Jack Pearadin and Doug Nelsen found a 1.73-carat diamond after nearly a year of searching the park's field.
Environmentalists smelled pork in legislative passage of the higher education spending bill. It included authorization for spending up to $1.5 million for a center at Southern Arkansas University to study the development of lignite (brown coal). It is sometimes used to generate electricity.
“Burning lignite is much dirtier than burning coal,” says Audubon Arkansas executive director Ken Smith. “It's almost like burning dirt. There are lots of trace elements such as mercury associated with it and it doesn't have near the BTU value that coal does. That means you have to burn much more of it in order to achieve the same output that you would with coal.”
Rep. Allen Maxwell is a proponent of developing lignite. “Audubon and Sierra Club would rather buy oil from Saudi Arabia I guess,” Maxwell says. “I'm not going to promote a smoke-stack technology. I'm not for burning it. You can mine it, and capture those materials and sell them to other industries. There are also chemical processes being developed to turn lignite into crude oil. I'm for promoting that to other industries and making it profitable.”
Beyond the air emissions risks, Smith says lignite mining would be harmful to Arkansas' natural habitats and there are better energy opportunities for Arkansas.
“We have mills in south Arkansas and they are shipping thousands of tons of wood pellets to Germany to fuel their renewable energy programs,” he says. “We need to be developing those capabilities so that our wood products are fueling our energy-producing plants here in the state.”
Teachers give up; ask for paddle
A recent article in the Hot Springs Village Voice reported that 40 Fountain Lake School District elementary teachers had petitioned the School Board to approve paddling, a practice currently banned in the schools. Said the article: “Disciplinary issues, particularly in the lower grades, have taxed the nerves of many elementary school teachers, who say too much class time is wasted dealing with unruly children.” That prompted a speedy response from Randy Cox, a Little Rock social worker and the force behind neverhitachild.org, dedicated to ending the use of corporal punishment. He noted in a letter to local newspapers that 30 states and the largest school districts in Arkansas ban corporal punishment. No teachers college provides instruction in the “correct” method of whipping a child, he said. All the national education organizations disapprove of the practice, which can make a school district vulnerable to lawsuit. “Last year, nearly 40,000 times, an Arkansas teacher took some unfortunate minor aside to have him or her ‘take the position' and submit to a battering that is way too close to the genitals,” Cox wrote. “Despite the myths and plenty of anecdotes, there just isn't any empirical evidence that it has ever had any measurable, long-term positive effect.” Fountain Lake, coincidentally, is the school district that raised the ire of Americans United for Separation of Church and State when a plaque identified a new athletic department addition there as a Fellowship of Christian Athletes facility. School officials claimed this was a misunderstanding. Its School Board intends to study the teachers' request.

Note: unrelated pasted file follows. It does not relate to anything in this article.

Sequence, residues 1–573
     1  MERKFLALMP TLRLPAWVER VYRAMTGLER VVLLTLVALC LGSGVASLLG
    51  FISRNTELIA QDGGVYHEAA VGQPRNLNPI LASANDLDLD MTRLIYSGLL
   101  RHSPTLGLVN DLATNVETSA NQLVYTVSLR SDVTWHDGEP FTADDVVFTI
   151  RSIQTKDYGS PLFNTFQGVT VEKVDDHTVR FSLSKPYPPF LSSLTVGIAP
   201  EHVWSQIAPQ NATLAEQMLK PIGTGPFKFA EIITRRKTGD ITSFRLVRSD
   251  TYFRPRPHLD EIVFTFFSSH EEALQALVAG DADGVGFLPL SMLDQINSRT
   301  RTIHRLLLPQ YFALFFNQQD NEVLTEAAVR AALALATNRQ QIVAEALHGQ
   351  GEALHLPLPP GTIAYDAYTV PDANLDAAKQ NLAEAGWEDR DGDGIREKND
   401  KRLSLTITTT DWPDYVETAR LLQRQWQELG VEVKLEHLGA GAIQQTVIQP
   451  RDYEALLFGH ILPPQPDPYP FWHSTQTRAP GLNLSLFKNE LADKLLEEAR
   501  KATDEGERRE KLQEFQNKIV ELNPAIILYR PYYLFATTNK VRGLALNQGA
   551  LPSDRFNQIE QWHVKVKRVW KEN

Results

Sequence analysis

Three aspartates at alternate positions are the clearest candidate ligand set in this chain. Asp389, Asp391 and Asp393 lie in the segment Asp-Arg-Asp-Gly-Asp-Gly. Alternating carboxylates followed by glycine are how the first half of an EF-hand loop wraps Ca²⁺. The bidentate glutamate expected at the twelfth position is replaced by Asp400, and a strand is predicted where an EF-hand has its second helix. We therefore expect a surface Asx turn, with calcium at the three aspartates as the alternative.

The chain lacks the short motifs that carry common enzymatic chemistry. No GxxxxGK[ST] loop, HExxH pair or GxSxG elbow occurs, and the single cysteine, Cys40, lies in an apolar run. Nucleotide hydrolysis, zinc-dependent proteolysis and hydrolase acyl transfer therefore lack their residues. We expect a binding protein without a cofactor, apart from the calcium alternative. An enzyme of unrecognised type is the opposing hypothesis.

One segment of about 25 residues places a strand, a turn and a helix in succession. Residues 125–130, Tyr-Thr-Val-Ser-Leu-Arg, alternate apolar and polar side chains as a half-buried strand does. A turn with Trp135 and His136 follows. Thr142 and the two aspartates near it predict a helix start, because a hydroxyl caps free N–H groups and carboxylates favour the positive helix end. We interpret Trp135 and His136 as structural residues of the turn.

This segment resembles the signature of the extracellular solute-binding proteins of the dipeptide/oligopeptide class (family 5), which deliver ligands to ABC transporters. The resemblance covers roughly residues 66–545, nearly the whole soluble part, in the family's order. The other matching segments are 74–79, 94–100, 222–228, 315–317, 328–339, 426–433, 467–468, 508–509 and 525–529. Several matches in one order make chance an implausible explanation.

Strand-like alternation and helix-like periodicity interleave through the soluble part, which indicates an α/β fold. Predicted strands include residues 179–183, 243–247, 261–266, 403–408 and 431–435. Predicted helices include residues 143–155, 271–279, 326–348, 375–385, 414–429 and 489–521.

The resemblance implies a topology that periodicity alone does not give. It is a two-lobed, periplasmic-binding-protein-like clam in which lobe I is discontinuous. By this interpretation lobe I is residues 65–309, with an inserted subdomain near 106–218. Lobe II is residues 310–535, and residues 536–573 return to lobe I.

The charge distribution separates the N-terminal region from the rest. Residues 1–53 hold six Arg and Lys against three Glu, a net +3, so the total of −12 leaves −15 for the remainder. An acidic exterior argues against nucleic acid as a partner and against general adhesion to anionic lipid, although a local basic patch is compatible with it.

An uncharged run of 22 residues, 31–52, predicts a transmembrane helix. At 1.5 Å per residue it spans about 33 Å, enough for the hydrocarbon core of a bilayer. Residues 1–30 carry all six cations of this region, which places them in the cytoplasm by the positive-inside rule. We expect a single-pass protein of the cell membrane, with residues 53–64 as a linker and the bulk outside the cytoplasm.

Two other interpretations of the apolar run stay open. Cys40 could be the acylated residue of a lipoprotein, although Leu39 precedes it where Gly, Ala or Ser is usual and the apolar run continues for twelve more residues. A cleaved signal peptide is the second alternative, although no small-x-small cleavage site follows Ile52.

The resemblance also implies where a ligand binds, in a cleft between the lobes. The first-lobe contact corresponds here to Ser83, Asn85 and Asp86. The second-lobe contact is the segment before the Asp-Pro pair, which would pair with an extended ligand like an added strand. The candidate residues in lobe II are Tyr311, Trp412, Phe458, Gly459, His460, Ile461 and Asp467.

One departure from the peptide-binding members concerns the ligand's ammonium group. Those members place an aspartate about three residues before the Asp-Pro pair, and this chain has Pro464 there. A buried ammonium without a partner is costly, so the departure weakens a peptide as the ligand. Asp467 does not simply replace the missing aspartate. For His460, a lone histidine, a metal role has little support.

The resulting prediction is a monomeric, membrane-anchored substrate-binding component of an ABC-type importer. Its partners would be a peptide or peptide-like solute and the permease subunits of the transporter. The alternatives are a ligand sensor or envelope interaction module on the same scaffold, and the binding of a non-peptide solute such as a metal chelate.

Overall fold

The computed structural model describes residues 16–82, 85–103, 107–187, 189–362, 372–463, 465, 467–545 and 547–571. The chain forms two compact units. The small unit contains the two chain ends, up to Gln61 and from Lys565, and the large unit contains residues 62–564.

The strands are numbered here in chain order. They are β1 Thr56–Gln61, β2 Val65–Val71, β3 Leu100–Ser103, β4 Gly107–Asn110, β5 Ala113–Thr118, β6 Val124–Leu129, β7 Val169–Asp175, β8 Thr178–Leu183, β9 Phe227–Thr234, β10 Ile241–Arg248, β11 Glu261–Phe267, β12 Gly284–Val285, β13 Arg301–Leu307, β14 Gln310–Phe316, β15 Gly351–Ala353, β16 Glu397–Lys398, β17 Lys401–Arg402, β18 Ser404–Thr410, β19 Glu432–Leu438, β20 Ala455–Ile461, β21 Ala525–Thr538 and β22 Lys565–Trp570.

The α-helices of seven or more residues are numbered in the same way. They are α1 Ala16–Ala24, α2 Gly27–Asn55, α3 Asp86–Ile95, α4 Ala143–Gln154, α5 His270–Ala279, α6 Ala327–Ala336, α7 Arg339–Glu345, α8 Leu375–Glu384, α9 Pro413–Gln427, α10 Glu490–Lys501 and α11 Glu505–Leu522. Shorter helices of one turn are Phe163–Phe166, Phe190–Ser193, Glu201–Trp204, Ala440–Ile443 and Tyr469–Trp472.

You now can see the forest
One of our favorite volunteer groups passed a significant milestone last weekend. Tree Streets, an urban forestry project, planted its 1,000th tree in the central part of Little Rock. More than 150 blocks have trees thanks to the privately funded group. The latest was planted in Bernice Park, at Main Street and Daisy Bates Boulevard, with assistance from the Quapaw Central Improvement District. Its work has also included tree planting along Swaggerty Creek and replanting trees lost in the 1999 tornado that devastated downtown. For more information, check the group's website at treestreets.org.
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